Multiple Sclerosis Cure – What to expect?

MS is a chronic, inflammatory, autoimmune disease that interferes with the communication between the brain and other body parts. Studies showed that multiple sclerosis (MS)[1] still doesn’t have a proper treatment regimen, but scientists have made considerable progress in discovering new medicines to treat it. There are already studies that create new and improved a multiple sclerosis cure called disease-modifying therapies (DMTs) for this autoimmune disease.

DMTs are also crafted purposely in order to reduce the frequency of MS attacks and their intensity. The development of impairment and brain volume mass loss can also got stop by the DMTs. Since the early 1990s, DMTs approved by the Food and Drug Administration (FDA) have been successful in controlling relapsing remitting MS[2], which affects between 85% and 90% of individuals diagnosed with this condition.

Multiple Sclerosis Research

After many years, research on some individuals showed that relapsing remitting MS creates a transition to secondary-progressive MS. DMTs currently do not affect on this period, so it is safer to set a treatment plan at this period. 

At the beginning of this condition, approximately 10% of people with MS had a primary-progressive MS. As a result, no doubt that finding a new cure against this dilemma is crucial.

The good thing is, the Food and Drug Administration (FDA) had finally approved a new multiple sclerosis cure. Today, Mayzent (Siponimod) tablets have been approved by the U.S. The treatments aim at adults with relapsing MS, including clinically isolated conditions, relapsing-remitting ms, and active progressive secondary disorder.

“Multiple sclerosis can have a profound impact on a person’s life,” said Billy Dunn, M.D, director of the Division of Neurology Products in the FDA’s Center for Drug Evaluation and Research. “We devote to work with companies that are developing additional treatment options for patients with multiple sclerosis.”

How To Diagnose Multiple Sclerosis?

Most people between the ages of 20 and 40 experience their first MS symptoms. In young adults, MS is among the most common causes of neurological impairment that occurs often in women. Smoking in adults, or lacking vitamin D are the main reasons why people get MS frequently.

MS begins with a relapse and remit course for most individuals. In here, rehabilitation times (remitting ms) are accompanied by episodes of deteriorating function (relapsing ms). Such remissions may not be complete and may leave a degree of residual impairment in patients.

There is a degree of chronic impairment in many, but not all people with MS that progressively worsens over time. Disability can improve in some patients independent of relapses, a process called secondary progressive multiple sclerosis (SPMS). Many patients continue to experience relapses in the first few years of this process, a phase of the illness identified as active SPMS. The medications approved for the treatment of relapsing forms of MS can apply for the treatment of active SPMS. Later, several SPMS patients avoid having new relapses, but impairment, a process called non-active SPMS, continues to improve.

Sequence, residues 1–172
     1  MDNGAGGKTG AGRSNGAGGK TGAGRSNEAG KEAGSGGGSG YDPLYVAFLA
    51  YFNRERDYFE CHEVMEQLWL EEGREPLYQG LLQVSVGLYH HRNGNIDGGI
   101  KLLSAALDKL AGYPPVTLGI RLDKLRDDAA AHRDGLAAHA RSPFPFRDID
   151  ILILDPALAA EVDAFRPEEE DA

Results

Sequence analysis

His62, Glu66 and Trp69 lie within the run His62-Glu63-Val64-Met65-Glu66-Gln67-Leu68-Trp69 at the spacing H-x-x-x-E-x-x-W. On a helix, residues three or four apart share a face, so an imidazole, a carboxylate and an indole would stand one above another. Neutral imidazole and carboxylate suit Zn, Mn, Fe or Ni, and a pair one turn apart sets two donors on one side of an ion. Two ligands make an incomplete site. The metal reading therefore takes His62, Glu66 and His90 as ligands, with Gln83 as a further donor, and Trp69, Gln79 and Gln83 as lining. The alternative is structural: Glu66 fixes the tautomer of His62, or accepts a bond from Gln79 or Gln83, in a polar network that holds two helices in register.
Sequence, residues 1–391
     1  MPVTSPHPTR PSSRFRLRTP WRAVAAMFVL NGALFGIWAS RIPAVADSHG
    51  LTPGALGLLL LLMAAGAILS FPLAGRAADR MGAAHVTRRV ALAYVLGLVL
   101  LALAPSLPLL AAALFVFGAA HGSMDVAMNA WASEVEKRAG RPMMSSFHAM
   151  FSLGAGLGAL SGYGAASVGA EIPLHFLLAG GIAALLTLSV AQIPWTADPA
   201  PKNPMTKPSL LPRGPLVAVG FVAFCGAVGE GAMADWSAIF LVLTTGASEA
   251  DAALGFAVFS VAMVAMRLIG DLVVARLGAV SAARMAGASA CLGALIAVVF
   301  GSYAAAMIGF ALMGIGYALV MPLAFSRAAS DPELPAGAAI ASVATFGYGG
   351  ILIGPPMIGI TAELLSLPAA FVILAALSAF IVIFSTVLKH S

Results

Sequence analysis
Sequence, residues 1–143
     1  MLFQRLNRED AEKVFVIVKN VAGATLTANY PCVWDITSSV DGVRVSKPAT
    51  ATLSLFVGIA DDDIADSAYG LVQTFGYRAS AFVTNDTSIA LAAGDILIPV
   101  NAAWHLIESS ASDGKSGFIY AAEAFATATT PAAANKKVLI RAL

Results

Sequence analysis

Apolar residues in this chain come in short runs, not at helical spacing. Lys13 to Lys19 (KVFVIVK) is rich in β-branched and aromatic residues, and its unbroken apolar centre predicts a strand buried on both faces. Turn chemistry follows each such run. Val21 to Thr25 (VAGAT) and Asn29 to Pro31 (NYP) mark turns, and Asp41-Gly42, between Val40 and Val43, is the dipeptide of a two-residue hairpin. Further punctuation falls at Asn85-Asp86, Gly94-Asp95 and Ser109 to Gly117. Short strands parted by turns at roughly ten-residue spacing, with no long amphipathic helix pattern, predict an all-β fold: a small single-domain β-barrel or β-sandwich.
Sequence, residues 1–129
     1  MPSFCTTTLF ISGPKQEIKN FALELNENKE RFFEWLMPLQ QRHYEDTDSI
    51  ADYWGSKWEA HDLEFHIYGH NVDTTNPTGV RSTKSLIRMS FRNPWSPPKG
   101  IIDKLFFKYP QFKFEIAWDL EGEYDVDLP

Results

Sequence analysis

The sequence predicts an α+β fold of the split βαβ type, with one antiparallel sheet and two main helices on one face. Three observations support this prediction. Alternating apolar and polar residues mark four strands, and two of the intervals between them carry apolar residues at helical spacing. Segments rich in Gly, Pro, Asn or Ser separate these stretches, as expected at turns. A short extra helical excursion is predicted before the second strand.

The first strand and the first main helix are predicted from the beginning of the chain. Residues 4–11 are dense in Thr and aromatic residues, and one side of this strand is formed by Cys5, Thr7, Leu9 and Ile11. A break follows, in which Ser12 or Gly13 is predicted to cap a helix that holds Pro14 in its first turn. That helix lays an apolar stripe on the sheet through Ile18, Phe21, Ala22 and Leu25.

Examination on MS

There are no standardized tests for the diagnosis of multiple sclerosis. However, it depends on ruling out other disorders, known as a differential diagnosis, that may cause similar signs and symptoms. 

In the first phase, doctors will have a thorough medical examination to find a suitable treatment for your conditions. Thereafter, your doctors can recommend the following:

  • Spinal tap (lumbar puncture)[3] – a diagnostic test wherein a small amount of cerebrospinal fluid is removed for laboratory examination from the spinal canal. Antibodies that are associated with MS can display irregularities in this study. A spinal tap can also help to rule out diseases and other problems with MS-like symptoms.
  • MRI[4] – This is another test that can reveal areas of your brain and spinal cord that have MS (lesions). You may receive a contrast substance intravenous injection to highlight lesions. It may suggest whether or not your illness is in an active phase.
  • Blood tests[5] – Extracting blood from the patient is the typical procedure in determining the condition. The test also helps rule out other diseases with MS-like symptoms. Tests to search for particular MS-related biomarkers currently show improvement and can also help diagnose the disease.
  • Evoked potential test[6] – A kind of experiment in which the electrical signals are brought by the nervous system to respond to particular recorded stimuli. Visual stimulation or electrical stimulation can apply in an evoked potential test. In these specific tests, you will see a moving visual pattern, or a short electrical impulse. The impulse is added to nerves in your limbs. After this, electrodes calculate how fast the data passes through the nerve pathways.
multiple sclerosis cure
Multiple sclerosis under MRI scan

New Multiple Sclerosis cure